Never too young to be targeted

If you’re a parent, you know only too well how exasperating it is when your kids start nagging you to buy them a toy or a snack food because they saw it advertised on TV or the Internet. But apart from taking the draconian action of banning your child from the technology to minimise their exposure, or at the very least restricting their use, there’s not much you can do. Which is why many parents end up doing nothing, hoping that somehow their kids will escape unscathed the ever more sophisticated onslaught of manufacturers and marketers.

Just how big and insidious a problem children’s advertising is and what we can do about it is the subject of this radio program. According to interviewee Johnathan Kent, founder of the UK campaign, Leave Our Kids Alone, the problem is huge. Which begs the question: why aren’t more parents, who are so overprotective of their kids in other ways, up in arms about what Kent describes as the predatory nature of advertisers in their engagement with children?

Kent says, “If you imagine life 60 years ago and suddenly this sort of advertising has been brought in out of the blue, I think parents everywhere would have thrown up their arms in horror and said ‘no’. But it hasn’t happened this way, it’s been incremental … it’s crept up on us, and if it hadn’t, I think we would have stopped it.”

Instead, we’ve allowed the industry to balloon into a multi-billion dollar behemoth that allocates a sizeable chunk of its budget to marketing goods and services directly at kids. For example, in the 2012 report on Marketing Food to Children and Adolescents, the US Federal Trade Commission found that 48 of the largest food and beverage products in the US spent US$1.79 billion marketing food to youth in 2009. And of that amount, $1 billion was spent on marketing to children aged 2 to 11.

They also found that while spending on youth-directed television advertising had fallen between 2006 and 2009, spending on online and viral marketing increased by 50 percent. In other words, marketers now have other platforms from which to entice littlies to their products.

Dr Jennifer Harris is with the Rudd Centre for Food Policy and Obesity and Yale University. She explains how digital media allows companies to interactively engage with children. “So the children select a website to go to but then there’s lots of fun games and activities and videos and art projects that they can do on these websites. And so they end up spending a lot of time on the site, and every minute they are spending is basically an ad because it’s all branded content.”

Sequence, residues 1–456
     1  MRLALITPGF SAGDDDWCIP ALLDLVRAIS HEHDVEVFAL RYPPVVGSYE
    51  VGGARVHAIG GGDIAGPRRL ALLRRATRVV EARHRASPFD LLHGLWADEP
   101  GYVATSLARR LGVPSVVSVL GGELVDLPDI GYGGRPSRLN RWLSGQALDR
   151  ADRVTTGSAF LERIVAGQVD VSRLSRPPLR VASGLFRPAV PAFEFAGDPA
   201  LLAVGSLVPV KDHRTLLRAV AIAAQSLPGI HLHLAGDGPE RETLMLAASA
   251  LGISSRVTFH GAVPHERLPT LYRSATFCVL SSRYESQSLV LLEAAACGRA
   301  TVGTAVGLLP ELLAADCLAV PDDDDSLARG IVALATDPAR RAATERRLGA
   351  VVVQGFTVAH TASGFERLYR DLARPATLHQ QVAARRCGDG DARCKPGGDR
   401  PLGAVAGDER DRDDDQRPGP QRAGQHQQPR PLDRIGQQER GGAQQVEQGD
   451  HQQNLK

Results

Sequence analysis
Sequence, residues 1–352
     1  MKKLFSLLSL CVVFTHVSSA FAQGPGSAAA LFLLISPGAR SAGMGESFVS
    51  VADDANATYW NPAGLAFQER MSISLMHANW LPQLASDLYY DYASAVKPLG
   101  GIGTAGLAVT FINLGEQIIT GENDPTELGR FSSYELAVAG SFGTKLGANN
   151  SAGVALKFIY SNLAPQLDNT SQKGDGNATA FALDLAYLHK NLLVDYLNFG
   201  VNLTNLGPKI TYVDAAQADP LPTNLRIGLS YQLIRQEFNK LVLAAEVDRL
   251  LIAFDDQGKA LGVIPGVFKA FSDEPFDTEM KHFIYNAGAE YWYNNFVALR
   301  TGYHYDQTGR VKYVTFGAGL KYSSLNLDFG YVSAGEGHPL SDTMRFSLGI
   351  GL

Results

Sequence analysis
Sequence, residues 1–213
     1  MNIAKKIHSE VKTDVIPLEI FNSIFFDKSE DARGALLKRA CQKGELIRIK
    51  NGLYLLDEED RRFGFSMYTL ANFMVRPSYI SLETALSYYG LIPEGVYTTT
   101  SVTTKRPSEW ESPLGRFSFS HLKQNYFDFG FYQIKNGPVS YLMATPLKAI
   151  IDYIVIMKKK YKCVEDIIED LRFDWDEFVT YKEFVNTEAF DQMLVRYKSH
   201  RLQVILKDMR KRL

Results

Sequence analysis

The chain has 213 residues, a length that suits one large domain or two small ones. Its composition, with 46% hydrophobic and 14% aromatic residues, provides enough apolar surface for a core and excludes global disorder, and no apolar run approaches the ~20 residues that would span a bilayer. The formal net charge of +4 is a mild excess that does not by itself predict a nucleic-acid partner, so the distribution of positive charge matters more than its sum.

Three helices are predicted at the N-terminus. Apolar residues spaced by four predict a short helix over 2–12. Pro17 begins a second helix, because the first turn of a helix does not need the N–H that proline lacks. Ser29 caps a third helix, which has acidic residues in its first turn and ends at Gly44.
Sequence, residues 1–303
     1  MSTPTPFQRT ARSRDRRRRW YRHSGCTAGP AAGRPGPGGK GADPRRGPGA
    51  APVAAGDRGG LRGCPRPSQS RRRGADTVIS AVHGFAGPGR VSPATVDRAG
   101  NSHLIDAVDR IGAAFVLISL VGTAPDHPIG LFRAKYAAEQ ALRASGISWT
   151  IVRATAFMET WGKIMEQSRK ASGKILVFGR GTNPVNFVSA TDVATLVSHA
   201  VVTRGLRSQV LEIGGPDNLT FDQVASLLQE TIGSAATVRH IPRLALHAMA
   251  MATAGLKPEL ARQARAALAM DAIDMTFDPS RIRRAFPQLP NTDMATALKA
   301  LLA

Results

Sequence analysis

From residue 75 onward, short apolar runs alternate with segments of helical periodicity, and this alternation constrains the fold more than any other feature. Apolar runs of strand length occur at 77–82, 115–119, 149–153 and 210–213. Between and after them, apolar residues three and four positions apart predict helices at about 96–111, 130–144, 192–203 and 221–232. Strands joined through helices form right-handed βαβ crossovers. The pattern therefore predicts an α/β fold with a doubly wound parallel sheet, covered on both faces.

Given the barrage of junk food advertising, it’s not surprising that many studies have confirmed the link between screen time and childhood obesity as well as other risk factors for diabetes, future heart disease and cancer. More recently, researchers have been examining what happens if children’s television or screen time is reduced.

Thomas Robinson, Professor of Paediatrics in Medicine and Director of the Centre for Health Weight at Stanford University School of Medicine, describes one study where just a single 30 second exposure to an advertisement embedded within a cartoon altered preschoolers’ preferences for that specific brand of product. In another study, his team confirmed that children’s awareness of a brand strongly affects their perceptions of taste.

Robinson is in no doubt that a blanket ban on advertising and marketing to young children would be very effective, just so long as “you define what advertising or marketing is. Right now companies have gone far beyond simple advertising in terms of their approaches to marketing. And so there is product placement within other screen content. This is where a whole cartoon or a whole programme is built around a brand. And that is one way that advertisers have gotten around some of these prohibition that have tried to limit advertising to children.”




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